Refrigerators on sidewalks and street corners labeled with handwritten signs reading, “Free Food, Comida Gratis,” and hosting cornucopias of various food items have been popping up around the Bay Area. There are currently 10 such community fridges in Oakland — all placed by the organization Town Fridge and continuously filled by donations from locals. Since an Instagram post announcing their first fridge unexpectedly blew up in late June of 2020, Town Fridge has expanded quickly. The organization prioritizes BIPOC and unsheltered people, but aims to address food injustice and local food deserts on the whole.
Town Fridge is a recent addition to a large slew of nonprofits all working on the ever-present and now rapidly growing issue of food insecurity. Food insecurity is disruption in an individual’s access to the amount of food required for active and healthy living due to a lack of money and resources.
Before the COVID-19 pandemic, over 35 million people in the United States experienced food insecurity. This year, food justice organization Feeding America predicts that over 54 million people across the country may struggle with it. The Bay Area is no exception to this problem.
As of 2018, 11.5 percent of Bay Area residents faced food insecurity. Recent increases in that number are very apparent to local organizations such as the Berkeley Food Network (BFN). BFN is a nonprofit that hosts a food pantry stocked with free goods, delivers meal packages to community centers and schools, and distributes food — much of which would have otherwise been wasted — to unsheltered people in Berkeley and Albany.
Since the beginning of the pandemic, there has been a 400 percent increase in people seeking the services provided by BFN. However, this alarming change has passed under the radar for most Bay Area residents. “Food insecurity is somewhat invisible [here],” said Holden Bussey, director of Berkeley Food Network Operations. “The Bay Area has a pretty thriving economy. With that being said, there [are] extreme wealth and access disparities,” he explained.
Bussey added, “The Bay Area is really agriculturally rich. So it is certainly not an issue of production — it is an issue of distribution.” While some neighborhoods are littered with high-quality grocery stores, others are food deserts where people lack access to food suppliers that can support a balanced diet. Neighborhoods without adequate food access often overlap with areas of low income and high unemployment rates, creating pockets in cities that are rife with food insecurity.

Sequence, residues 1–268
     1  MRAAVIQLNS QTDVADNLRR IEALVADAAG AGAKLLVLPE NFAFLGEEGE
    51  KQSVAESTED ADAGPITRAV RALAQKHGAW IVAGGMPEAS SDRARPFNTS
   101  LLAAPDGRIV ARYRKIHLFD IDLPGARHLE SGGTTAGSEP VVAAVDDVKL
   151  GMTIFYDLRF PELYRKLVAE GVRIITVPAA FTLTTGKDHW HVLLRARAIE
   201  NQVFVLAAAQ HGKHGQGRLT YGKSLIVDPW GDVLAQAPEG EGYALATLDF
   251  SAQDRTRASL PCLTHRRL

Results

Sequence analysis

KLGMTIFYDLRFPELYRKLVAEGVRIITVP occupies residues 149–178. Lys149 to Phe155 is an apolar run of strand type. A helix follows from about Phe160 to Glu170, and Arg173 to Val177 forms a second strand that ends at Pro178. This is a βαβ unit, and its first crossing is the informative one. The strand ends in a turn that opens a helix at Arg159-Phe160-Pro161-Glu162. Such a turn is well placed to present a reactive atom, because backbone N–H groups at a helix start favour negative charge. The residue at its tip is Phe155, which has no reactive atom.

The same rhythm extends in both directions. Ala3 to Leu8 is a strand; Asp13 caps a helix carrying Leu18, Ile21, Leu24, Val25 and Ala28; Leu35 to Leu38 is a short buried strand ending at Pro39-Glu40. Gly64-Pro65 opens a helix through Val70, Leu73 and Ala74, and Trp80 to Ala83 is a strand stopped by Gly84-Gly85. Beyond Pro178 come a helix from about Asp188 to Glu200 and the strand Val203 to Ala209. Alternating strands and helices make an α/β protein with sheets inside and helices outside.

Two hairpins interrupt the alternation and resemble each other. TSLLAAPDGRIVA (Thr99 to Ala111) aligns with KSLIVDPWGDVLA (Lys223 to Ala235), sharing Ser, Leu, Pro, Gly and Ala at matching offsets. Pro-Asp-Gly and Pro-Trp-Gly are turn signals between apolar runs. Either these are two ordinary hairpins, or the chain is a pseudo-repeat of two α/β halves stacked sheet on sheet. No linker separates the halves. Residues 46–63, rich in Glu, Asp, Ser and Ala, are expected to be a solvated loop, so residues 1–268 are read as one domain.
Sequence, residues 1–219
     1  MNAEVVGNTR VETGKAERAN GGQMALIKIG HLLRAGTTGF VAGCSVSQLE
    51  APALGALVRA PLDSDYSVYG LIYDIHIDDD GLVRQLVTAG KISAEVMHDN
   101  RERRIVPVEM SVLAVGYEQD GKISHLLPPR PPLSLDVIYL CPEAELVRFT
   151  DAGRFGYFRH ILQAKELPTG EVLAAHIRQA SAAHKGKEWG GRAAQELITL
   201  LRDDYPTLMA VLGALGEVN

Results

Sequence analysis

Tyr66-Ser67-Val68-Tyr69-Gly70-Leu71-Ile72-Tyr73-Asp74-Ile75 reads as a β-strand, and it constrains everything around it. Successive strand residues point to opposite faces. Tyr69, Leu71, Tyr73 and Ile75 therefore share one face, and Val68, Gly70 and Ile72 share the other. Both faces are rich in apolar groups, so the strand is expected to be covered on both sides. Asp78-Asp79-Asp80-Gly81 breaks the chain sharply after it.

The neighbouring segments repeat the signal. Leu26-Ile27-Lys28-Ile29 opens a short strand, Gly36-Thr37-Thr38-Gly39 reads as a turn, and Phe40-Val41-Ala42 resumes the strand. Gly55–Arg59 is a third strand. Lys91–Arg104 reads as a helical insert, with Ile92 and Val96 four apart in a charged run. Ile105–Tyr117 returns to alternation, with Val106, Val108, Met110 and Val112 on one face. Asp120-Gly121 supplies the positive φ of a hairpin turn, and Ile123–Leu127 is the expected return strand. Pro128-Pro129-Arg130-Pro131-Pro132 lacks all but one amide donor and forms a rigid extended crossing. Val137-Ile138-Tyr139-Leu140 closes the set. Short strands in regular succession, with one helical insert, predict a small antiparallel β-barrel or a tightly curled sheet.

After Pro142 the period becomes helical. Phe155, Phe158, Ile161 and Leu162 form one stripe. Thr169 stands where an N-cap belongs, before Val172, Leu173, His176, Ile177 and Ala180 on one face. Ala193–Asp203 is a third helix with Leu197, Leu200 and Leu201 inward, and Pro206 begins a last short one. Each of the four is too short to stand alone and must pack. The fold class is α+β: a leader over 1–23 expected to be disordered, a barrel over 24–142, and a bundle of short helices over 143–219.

Even though some parts of the Bay Area lack food, restaurants forced to close due to COVID-19 have found themselves with an excess of food and no system through which they can distribute it to people in need. At the beginning of the shutdown, businesses reached out to Bonnie Christensen, director of BUSD Nutrition Services, in the hopes that she could use their food for the school lunch program. Unable to accept the pre-prepared meals, Christensen found herself in the role of a traffic director, attempting to point restaurants to organizations that could take and distribute the food.
Christensen has encountered both sides of the food distribution issue throughout her career — from her beginnings in New York City working in fine dining to now providing free lunches to students in need. A visit to a friend’s work at Twitter, where food for employees is abundant, illuminated the stark contrast between the two food realities for her. “At first, I was blown away and said, ‘Oh my God, this is the greatest thing.’ By the time I left, I [thought], ‘I can’t take it. We have hungry kids.’ And food is overflowing at Twitter — in excess to a degree that is just unnecessary and this is not okay,” she remembers.
As the pandemic progressed, Christensen headed the adaptation of the BUSD lunch program so that it could continue to reach students and families in need. Policies from the United States Department of Agriculture have allotted funding for schools across the country to provide free food to all students — regardless of income — through the end of 2020, so BUSD is currently offering free breakfast and lunch.
The school program and multitudes of independent organizations create a hodge-podge of food services that are not always cohesive. Bussey observed this and said, “There [are] a lot of people who give incredible amounts of energy, time, and effort toward their work. But that could be used in a more efficient way if it was coordinated through a centralized body.” He believes that government involvement — with its expansive access to data, the ability to oversee many organizations, and other resources — could be beneficial. “I actually don’t really feel that nonprofits should exist. I think that we are filling a void of a lack of government services,” expressed Bussey.
Christensen agreed that government involvement could aid food distribution. “It does seem to me that there should be an infrastructure for excess food to be channeled into pantries [and] food banks, so that [it] is not wasted — which is a huge sustainability issue — and so that it gets distributed to people who are hungry,” she explained.
Food insecurity extends past food itself. For those without shelter, there are complicated logistics involving food storage. For students, hunger may affect mood and lead them into trouble at school. Receiving free food is often accompanied by shame due to societal stigma. However, for those with resources, there are ways to help. Volunteering or donating to local organizations like BFN are two immediate actions. Voting also makes a major difference, as housing policies and agricultural subsidies impact food insecurity.
For Bussey, the bottom line is clear. “Access to food is a basic human right that everyone deserves — even if they are not in a financial position to afford it.”